• 4 The ambulance service in the instant case had both a duty to provide adequate transportation for its client and a duty to provide equipment necessary and precautionary to render emergency medical care to its client during the transportation. (See Brooks v. Herndon Ambulance Service, Inc. (Fla. App. 1985), 475 So.2d 1319, 1321; Sigmon v. County of Thomkins (1982), 113 Misc.2d 655, 449 N.Y.S.2d 621.) Count V contained an allegation of a failure to adequately maintain and service the ambulance as a vehicle. We agree that this allegation is not encompassed within section 2-622 of the Code. Thus, the trial court erred in dismissing count V in its entirety.
• 5 A more difficult question is presented by the allegation of a failure to adequately equip the ambulance. The nature of the negligent act alleged should determine whether the activities of the ambulance service fall within the term "healing art malpractice." ( Sigmon v. County of Thomkins (1982), 113 Misc.2d 655, 449 N.Y.S.2d 621.) Here, it is alleged that the equipment necessary and precautionary to treat a person in plaintiff's condition was lacking. The duty to provide equipment necessary to facilitate emergency health care is thus at issue. The determination of which equipment is necessary and precautionary to meet a person in plaintiff's condition's needs is inherently one of medical judgment. The negligence alleged is in an intrinsic part of the provision of the facilities for emergency health care. We believe the allegation that defendant failed to adequately equip its ambulance thus falls within the ambit of the term "healing art malpractice" and section 2-622 of the Code. It was necessary for plaintiff to provide a physician's affidavit stating that a meritorious cause of action under the facts of the instant cause existed.
Plaintiff argues that even if section 2-622 of the Code applies, the negligence alleged is within the knowledge of ordinary jurors. Therefore, no expert evaluation would be needed at trial. Since expert testimony would not be necessary to prove negligence at trial, plaintiff maintains that the lack of an affidavit from an expert at the pleading stage should not subject the cause to dismissal under section 2-622 of the Code.
We disagree. The legislative history of section 2-622 of the Code reveals that its purpose was to eliminate frivolous lawsuits at the pleadings stage. (84th Ill. Gen. Assem., House Proceedings, May 23, 1985, at 406 (Representative Hawkinson).) Thus, that expert testimony would not be needed at trial to establish negligence does not address the necessity of complying with the provisions contained in section 2-622 of the Code at the pleading stage. Section 2-622 states that it applies in any action. Ill. Rev. Stat. 1985, ch. 110, par. 2-622.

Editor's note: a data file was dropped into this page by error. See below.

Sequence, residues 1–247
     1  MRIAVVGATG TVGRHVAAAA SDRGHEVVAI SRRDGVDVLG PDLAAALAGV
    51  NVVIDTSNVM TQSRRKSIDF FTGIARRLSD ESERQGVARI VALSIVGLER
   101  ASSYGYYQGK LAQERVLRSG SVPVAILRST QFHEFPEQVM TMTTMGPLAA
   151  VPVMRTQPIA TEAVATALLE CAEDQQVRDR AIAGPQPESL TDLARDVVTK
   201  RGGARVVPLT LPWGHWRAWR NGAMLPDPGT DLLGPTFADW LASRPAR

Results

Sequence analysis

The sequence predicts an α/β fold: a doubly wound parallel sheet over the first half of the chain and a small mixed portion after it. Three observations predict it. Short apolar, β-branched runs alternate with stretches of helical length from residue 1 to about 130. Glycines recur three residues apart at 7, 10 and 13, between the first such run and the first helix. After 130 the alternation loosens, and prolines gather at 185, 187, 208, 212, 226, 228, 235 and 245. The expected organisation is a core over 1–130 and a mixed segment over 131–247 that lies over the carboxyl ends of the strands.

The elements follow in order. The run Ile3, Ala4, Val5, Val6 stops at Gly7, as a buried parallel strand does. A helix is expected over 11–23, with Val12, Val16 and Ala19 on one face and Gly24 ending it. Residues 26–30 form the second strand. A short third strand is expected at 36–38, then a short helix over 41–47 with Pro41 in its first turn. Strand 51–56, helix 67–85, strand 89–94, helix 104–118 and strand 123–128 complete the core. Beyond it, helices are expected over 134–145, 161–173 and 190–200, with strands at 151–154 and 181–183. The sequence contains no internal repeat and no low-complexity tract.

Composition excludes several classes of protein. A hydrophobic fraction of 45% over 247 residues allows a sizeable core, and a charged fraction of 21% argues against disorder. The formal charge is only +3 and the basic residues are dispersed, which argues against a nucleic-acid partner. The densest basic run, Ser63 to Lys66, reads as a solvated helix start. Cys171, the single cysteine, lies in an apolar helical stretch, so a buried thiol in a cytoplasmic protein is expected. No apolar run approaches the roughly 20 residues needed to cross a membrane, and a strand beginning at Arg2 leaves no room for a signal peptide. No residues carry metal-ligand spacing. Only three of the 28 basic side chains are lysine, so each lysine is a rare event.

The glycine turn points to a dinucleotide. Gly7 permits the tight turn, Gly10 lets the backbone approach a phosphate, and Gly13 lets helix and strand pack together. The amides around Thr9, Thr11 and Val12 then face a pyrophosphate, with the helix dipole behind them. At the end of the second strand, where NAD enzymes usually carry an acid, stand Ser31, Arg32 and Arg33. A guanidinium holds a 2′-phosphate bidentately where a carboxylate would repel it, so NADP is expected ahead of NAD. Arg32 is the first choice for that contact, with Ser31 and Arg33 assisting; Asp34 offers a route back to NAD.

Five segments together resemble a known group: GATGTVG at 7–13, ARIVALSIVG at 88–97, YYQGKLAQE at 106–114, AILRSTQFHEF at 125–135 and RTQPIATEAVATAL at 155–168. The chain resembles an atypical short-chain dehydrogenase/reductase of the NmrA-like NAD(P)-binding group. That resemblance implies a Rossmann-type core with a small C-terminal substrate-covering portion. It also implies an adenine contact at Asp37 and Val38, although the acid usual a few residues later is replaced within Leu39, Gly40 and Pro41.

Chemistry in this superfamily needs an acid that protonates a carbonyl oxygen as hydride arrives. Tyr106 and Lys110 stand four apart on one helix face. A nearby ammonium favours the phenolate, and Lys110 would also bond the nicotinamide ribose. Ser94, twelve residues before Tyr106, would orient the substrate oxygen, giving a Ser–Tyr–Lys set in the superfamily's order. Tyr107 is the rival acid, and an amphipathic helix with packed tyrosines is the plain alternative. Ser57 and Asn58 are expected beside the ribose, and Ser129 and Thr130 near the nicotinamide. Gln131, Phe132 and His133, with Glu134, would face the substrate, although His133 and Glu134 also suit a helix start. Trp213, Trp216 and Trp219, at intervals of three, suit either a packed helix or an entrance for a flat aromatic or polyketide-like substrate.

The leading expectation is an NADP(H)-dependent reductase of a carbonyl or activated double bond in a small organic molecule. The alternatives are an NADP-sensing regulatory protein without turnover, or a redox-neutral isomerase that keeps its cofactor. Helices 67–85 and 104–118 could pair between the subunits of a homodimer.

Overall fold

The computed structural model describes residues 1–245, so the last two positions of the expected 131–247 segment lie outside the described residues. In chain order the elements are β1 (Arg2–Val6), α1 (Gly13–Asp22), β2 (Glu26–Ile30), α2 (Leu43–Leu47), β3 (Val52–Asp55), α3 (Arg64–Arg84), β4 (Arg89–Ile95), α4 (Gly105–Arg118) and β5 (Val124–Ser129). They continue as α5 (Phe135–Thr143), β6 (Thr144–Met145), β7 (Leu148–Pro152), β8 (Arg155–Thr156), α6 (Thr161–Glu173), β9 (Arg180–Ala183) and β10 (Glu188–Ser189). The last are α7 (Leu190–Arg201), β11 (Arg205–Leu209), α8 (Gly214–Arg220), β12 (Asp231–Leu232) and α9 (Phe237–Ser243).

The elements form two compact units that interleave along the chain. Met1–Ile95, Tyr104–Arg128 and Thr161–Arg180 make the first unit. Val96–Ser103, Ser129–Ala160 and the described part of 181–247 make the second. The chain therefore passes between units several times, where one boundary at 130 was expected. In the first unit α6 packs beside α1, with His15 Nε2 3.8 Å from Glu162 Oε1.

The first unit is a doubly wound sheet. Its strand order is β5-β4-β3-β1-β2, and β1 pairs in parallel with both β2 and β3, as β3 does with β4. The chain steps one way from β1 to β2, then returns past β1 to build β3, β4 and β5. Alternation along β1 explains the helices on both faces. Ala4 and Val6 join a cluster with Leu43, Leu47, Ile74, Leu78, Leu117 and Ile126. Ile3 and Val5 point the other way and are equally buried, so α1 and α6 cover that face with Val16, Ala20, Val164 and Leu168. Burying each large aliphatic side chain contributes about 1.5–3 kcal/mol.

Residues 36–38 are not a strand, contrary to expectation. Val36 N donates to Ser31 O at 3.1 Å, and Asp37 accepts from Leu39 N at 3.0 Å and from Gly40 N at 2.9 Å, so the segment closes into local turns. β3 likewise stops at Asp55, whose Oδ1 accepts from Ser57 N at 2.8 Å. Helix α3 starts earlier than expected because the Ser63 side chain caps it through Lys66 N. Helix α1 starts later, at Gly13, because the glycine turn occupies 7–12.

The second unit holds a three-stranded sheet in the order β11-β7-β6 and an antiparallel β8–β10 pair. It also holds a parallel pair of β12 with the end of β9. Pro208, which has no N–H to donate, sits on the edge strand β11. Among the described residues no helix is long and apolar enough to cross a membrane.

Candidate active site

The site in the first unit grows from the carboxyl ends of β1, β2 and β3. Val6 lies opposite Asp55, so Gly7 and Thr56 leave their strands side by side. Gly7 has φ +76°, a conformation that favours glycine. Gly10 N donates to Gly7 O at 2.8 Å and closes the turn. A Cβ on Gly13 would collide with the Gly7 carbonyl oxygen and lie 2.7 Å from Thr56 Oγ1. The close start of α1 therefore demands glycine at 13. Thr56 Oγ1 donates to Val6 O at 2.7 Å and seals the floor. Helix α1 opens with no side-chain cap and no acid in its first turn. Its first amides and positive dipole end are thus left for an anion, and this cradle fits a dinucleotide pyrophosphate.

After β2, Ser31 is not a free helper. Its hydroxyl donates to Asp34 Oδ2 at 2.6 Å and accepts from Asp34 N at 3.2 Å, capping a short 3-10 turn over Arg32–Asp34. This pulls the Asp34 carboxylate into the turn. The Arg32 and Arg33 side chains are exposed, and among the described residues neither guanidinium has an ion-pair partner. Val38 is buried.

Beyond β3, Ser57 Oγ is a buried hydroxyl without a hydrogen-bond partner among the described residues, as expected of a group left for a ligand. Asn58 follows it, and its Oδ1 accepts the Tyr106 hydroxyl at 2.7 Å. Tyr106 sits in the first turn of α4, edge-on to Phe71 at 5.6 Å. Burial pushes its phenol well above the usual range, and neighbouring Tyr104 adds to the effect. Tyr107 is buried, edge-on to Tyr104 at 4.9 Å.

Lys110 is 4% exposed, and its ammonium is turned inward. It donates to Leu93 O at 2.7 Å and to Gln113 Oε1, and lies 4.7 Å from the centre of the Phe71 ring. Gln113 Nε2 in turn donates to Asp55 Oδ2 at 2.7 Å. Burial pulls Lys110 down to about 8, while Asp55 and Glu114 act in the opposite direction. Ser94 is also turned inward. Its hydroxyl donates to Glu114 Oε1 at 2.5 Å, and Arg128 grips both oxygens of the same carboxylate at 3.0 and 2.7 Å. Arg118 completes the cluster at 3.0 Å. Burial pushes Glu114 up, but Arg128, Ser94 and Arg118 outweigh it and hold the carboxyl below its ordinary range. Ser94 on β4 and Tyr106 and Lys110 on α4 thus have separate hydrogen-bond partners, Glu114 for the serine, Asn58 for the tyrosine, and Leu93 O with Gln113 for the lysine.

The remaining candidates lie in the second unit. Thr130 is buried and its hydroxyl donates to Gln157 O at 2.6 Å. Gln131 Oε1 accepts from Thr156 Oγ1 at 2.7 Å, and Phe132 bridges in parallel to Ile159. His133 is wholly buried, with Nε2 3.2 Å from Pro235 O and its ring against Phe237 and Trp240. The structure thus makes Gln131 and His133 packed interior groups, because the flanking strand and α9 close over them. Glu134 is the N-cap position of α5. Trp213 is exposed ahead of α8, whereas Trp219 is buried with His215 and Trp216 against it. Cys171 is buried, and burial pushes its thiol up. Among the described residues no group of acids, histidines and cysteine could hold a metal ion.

• 6 Plaintiff next argues that section 2-622 of the Code is being applied retroactively. Defendant argues that an action refiled under section 13-217 of the Code is a new action. Therefore, the provisions of section 2-622 of the Code, which were effective on August 15, 1985, apply. The instant cause of action arose in 1977. Plaintiff filed an action in 1982 but took a voluntary dismissal. He refiled pursuant to the provisions of section 13-217 of the Code (Ill. Rev. Stat. 1985, ch. 110, par. 13-217). Section 13-217 provides that after a voluntary dismissal, the plaintiff may file "a new action" within a year or the remaining period of limitation. (Ill. Rev. Stat. 1985, ch. 110, par. 13-217.) Thus, under the language of section 13-217 of the Code, the complaint here was a new action, filed after the effective date of section 2-622 of the Code.
Essentially, plaintiff argues that the application of section 2-622 of the Code is unfair because this action accrued prior to the effective date of section 2-622 of the Code. During the legislative debates, it was suggested that the provision be changed to apply to the actions accruing after the effective date. This suggestion was specifically rejected. Representative Daniels stated that the filing date of the action was determined to be the cut-off point. (84th Ill. Gen. Assem., House Proceedings, May 23, 1985, at 403 (Representative Daniels).) Section 2-622 of the Code is not being applied retroactively in the instant case.
For the above reasons, we affirm that portion of the trial court's order which dismissed the allegations of a failure to adequately equip the ambulance with necessary and precautionary equipment because plaintiff failed to comply with section 2-622 of the Code. However, we remand the cause to the trial court with directions that plaintiff be allowed 30 days after the issuance of the mandate of this court to replead his allegations of negligent transportation due to a failure to mechanically maintain the ambulance.
Affirmed in part, reversed in part, and remanded with directions.
GREEN and LUND, JJ., concur.